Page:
Musical program in honor of Michael
7 p.m.; music starts around 8 p.m.
At 5C Cafe, Fifth Street at Avenue C
Burt Ekoff, Michael's piano teacher, and friends will be performing.
Sunday, October 10
Time's Up Garden Party
3:30 p.m. at El Jardin Del Paraiso
Located on Fourth-Fifth Streets between Avenues C and D
Michael was a co-founder of the More Gardens Coalition and a force behind saving NYC gardens. Reverend Billy and the choir will be at this event.
Saturday, October 16
March Around the Neighborhood
Meet in the middle of Tompkins Square Park at 5 p.m.
Friends will march around the neighborhood and arrive at his funeral.
Funeral for Michael at Mary House (Catholic Worker)
7 p.m. at 55 E. Third St.
Sunday, October 24
Celebration of Michael with Eric Drooker and Eden and John's East River Strong Band.
6-10 p.m. Location TBA
I first met Michael in the early 80’s at Hunter College in the music department. He stood out not only because he seemed to be the sharpest and most knowledgeable musician among the students, but because he seemed at once to own the department and the department couldn’t quite contain him. His natural brilliance didn’t belong in the confines of the classroom or within the distinctions of faculty and student. His character fluently spanned such lines of propriety. It was an unusual environment to see him in — college is intellectually friendly but also orderly and proper, so he was welcomed, but wouldn’t stay long: he was too independent.
Later I saw him in the neighborhood where he would overwhelm me with that outpouring of political eloquence — an irresistible river let loose. I know very few who could speak so well as Michael. That’s what I really loved about him — he could speak expansively with knowledge and resonance. I always hoped to encounter him in the street or in the park just to hear him talk again.The neighborhood back then drew many extraordinary independent spirits who thrived in this place that was so completely abandoned by money and mainstream interests. Michael was one among the brightest lights here.
For those who didn't know him, here's Chris Flash's comment from the NY Times article to give just one aspect of his significance (he was also a key motivator and tactician in the garden movement as well as the squatters movement):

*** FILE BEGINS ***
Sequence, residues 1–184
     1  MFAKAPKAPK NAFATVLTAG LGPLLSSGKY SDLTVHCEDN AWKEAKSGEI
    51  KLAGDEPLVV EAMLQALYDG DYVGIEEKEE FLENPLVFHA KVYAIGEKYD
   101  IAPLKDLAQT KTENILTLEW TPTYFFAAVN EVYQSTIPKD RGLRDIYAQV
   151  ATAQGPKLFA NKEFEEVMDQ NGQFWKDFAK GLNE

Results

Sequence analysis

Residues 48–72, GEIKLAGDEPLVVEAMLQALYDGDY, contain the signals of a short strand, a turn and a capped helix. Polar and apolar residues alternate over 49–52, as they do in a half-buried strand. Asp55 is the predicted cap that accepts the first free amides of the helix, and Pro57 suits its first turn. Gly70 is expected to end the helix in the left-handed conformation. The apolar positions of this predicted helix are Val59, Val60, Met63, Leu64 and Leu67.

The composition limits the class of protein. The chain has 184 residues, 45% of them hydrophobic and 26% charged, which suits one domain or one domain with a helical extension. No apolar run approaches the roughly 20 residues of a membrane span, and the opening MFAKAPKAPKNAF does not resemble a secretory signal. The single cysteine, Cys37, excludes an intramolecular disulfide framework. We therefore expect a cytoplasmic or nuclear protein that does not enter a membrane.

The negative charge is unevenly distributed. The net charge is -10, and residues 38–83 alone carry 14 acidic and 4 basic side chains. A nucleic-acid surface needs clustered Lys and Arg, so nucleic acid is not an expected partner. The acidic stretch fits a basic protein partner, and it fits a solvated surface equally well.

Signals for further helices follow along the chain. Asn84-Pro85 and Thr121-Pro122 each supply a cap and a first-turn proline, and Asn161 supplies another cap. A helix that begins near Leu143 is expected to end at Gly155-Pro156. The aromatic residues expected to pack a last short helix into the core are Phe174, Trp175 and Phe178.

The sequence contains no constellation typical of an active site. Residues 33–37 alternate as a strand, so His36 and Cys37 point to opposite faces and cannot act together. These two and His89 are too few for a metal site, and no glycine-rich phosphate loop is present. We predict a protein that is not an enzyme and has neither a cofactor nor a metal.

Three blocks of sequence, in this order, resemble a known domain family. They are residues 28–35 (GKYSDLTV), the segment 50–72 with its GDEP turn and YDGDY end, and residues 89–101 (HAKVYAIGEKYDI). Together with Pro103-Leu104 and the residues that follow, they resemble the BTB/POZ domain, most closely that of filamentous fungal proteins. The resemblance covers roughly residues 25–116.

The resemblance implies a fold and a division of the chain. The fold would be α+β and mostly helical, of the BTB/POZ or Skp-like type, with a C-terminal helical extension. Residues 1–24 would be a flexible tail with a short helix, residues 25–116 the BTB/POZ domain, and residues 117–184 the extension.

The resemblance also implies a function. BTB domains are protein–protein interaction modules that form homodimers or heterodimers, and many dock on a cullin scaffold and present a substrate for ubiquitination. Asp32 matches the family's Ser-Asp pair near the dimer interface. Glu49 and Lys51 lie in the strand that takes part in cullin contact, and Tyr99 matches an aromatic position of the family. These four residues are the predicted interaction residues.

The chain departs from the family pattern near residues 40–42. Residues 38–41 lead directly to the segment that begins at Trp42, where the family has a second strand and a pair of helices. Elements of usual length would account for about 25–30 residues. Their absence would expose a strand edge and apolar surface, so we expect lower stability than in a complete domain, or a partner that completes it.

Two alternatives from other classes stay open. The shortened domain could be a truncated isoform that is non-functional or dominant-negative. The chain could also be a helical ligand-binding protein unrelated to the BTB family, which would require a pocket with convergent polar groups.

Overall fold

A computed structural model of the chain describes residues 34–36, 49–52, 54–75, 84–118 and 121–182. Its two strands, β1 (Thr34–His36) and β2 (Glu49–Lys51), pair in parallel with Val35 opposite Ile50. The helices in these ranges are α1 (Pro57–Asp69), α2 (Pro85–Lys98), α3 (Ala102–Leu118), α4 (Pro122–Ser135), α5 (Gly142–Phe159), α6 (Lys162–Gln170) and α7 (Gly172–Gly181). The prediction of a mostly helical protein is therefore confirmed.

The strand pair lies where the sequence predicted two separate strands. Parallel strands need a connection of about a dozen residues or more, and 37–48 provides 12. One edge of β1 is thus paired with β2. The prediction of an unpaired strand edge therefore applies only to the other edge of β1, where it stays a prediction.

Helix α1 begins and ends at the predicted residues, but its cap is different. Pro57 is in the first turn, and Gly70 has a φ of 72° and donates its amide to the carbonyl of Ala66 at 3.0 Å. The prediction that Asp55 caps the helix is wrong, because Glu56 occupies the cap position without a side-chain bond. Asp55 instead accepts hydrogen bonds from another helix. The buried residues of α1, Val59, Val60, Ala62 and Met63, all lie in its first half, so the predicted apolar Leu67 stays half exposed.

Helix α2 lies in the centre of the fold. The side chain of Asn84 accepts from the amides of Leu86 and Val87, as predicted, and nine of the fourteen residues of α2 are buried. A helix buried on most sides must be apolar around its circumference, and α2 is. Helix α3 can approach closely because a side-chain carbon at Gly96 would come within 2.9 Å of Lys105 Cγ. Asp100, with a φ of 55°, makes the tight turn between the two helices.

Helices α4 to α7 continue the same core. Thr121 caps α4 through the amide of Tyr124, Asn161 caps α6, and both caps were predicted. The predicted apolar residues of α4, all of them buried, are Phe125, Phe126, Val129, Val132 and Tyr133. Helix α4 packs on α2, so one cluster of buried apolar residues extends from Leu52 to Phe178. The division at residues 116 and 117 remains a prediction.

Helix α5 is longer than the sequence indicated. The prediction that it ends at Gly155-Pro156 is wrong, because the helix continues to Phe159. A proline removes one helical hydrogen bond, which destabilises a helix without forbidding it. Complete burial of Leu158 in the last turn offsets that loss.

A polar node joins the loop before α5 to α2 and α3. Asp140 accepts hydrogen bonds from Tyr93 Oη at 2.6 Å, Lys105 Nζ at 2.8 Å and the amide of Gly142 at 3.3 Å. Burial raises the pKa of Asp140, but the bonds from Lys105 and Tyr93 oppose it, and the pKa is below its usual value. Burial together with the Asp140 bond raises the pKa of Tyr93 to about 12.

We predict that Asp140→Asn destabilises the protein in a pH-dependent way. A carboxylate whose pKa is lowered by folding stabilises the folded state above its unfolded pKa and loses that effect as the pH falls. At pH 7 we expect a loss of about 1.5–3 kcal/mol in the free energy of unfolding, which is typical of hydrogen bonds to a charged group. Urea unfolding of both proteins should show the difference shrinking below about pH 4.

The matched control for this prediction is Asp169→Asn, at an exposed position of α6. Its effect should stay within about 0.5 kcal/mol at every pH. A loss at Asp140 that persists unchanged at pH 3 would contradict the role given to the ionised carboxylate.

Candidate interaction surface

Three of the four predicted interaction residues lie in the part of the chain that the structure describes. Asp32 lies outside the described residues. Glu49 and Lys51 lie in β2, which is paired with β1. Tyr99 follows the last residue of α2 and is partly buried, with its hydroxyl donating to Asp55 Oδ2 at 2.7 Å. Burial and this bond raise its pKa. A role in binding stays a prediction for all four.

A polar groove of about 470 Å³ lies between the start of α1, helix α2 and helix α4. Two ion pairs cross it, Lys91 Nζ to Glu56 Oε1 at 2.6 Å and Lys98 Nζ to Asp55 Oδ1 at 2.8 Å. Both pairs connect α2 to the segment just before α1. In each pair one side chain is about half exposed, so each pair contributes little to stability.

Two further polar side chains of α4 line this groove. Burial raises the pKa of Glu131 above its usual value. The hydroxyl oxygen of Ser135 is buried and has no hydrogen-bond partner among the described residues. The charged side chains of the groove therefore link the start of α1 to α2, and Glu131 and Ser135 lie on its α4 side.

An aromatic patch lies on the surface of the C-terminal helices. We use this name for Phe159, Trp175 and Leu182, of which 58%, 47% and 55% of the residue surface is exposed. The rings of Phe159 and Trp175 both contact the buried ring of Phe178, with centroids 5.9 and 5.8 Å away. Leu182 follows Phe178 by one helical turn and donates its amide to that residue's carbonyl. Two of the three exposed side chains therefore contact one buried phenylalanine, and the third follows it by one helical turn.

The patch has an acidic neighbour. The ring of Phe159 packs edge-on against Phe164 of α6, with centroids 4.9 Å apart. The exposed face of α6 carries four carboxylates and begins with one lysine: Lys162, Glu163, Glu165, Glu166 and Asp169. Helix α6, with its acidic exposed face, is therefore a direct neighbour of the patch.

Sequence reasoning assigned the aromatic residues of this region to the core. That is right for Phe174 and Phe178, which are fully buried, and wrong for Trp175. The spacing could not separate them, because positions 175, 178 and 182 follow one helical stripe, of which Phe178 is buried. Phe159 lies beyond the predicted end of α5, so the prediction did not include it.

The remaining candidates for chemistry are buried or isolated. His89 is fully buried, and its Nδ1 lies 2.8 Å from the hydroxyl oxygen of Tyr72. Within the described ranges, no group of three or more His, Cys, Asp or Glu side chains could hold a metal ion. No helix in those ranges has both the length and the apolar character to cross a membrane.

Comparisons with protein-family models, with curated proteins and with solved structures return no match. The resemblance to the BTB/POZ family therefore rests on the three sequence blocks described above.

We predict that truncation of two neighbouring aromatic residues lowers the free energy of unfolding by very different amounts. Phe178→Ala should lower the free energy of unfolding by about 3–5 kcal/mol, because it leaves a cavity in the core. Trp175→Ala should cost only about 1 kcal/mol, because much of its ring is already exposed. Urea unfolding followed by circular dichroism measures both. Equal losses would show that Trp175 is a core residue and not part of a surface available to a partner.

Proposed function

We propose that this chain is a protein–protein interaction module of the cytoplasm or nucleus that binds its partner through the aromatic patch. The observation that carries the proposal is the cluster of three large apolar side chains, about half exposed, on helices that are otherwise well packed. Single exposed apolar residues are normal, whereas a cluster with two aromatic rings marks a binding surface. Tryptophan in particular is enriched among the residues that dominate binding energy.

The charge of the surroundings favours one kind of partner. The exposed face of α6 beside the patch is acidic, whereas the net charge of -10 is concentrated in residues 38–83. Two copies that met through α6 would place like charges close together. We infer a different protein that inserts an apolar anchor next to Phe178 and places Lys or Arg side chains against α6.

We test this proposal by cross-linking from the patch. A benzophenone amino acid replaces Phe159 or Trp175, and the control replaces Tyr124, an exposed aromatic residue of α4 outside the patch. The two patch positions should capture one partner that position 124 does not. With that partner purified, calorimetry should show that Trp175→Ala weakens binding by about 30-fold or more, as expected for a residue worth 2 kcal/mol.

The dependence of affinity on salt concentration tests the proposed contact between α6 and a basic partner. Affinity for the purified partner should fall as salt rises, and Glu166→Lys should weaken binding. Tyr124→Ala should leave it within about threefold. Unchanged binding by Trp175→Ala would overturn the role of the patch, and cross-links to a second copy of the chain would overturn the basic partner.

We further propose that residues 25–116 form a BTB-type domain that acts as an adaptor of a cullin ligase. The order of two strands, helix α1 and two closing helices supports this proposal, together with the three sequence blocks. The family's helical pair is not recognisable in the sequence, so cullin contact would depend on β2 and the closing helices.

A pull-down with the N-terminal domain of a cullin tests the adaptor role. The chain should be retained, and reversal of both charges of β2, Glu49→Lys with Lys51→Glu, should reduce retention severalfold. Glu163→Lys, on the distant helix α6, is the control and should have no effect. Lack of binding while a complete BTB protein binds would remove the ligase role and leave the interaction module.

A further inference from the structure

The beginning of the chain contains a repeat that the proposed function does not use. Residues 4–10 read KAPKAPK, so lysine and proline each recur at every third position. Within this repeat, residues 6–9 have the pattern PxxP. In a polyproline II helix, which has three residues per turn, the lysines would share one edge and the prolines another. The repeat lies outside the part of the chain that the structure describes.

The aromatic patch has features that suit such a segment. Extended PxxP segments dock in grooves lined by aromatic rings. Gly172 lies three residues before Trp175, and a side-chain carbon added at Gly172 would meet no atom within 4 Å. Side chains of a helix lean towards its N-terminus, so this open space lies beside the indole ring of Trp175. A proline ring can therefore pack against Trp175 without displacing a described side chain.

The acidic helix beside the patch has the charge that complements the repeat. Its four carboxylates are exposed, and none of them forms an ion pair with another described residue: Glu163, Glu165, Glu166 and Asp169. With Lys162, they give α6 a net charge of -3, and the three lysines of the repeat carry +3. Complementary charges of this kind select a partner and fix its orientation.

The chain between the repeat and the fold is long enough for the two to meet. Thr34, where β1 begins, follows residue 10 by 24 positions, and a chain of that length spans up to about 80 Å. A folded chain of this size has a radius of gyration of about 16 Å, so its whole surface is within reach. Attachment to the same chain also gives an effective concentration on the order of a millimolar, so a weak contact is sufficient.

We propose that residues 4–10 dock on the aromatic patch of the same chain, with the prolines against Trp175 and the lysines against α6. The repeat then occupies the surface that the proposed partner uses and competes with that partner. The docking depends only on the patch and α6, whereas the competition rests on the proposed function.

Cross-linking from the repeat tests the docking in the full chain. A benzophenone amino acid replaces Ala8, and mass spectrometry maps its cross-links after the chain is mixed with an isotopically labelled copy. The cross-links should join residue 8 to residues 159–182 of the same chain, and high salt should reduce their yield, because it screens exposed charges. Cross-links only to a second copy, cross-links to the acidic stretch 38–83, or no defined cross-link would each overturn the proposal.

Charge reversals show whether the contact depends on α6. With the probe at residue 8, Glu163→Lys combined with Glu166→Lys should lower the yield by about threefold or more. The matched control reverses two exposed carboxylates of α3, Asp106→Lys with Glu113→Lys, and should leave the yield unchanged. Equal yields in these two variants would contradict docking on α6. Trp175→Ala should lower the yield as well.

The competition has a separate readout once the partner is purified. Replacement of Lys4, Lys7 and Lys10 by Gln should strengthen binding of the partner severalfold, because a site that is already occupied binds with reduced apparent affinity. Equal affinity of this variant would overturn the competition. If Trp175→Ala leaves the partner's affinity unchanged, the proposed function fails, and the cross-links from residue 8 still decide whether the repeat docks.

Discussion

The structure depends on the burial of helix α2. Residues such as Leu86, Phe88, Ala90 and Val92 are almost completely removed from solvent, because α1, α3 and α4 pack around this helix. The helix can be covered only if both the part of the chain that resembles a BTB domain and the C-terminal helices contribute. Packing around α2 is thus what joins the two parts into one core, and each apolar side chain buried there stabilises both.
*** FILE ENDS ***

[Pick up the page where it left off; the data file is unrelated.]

[...] Michael was an intelligent caring person who put himself on the line repeatedly — he was a real doer. Thanks to Michael’s efforts, more than a dozen abandoned buildings were opened, made habitable and ultimately “legalized” under an agreement with the city that put an end to countless HPD raids and court battles.
[...] The squatters did not steal housing from anyone. Rather, it was phony poverty pimp organizations holding buildings vacant until public financing was forthcoming and the city itself, which allowed buildings to remain vacant and crumbling rather than continue the successful homesteading (sweat-equity) program that ended just before the squatters took direct action in the 1980s.
Instead of following the so-called “housing” groups’ model of creating taxpayer-subsidized units with years-long waiting lists for “moderate-income” tenants, the squatters created immediate housing for “zero-income” tenants, all at NO cost to the city. The squatters did their own labor at their sole cost. Each member paid housing dues to cover the costs of materials and all members participated in “work days.”
The squatters did not pave the way for the subsequent gentrification on the Lower East Side that was coming anyway — for close to a decade, the squatters stood in the way of yuppie ghetto developments, ultimately winning their fight for their right to remain in their homes.
Michael was in the middle of all of this, from the earliest days of squatting in the early 80s through the present. His contribution and his wonderful presence in our lives can never be fully expressed, but those of us who knew him knew and appreciated that he was special.